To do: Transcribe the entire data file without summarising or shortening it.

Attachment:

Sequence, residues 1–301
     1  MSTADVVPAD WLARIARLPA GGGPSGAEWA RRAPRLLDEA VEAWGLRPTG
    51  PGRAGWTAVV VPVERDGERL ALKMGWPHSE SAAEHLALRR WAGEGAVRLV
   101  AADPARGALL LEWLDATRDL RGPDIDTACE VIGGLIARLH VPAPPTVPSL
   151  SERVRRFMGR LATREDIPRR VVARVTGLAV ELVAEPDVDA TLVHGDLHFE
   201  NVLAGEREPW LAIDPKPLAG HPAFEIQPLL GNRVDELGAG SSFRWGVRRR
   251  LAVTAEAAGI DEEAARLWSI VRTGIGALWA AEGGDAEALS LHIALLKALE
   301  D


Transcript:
Sequence, residues 1–301
     1  MSTADVVPAD WLARIARLPA GGGPSGAEWA RRAPRLLDEA VEAWGLRPTG
    51  PGRAGWTAVV VPVERDGERL ALKMGWPHSE SAAEHLALRR WAGEGAVRLV
   101  AADPARGALL LEWLDATRDL RGPDIDTACE VIGGLIARLH VPAPPTVPSL
   151  SERVRRFMGR LATREDIPRR VVARVTGLAV ELVAEPDVDA TLVHGDLHFE
   201  NVLAGEREPW LAIDPKPLAG HPAFEIQPLL GNRVDELGAG SSFRWGVRRR
   251  LAVTAEAAGI DEEAARLWSI VRTGIGALWA AEGGDAEALS LHIALLKALE
   301  D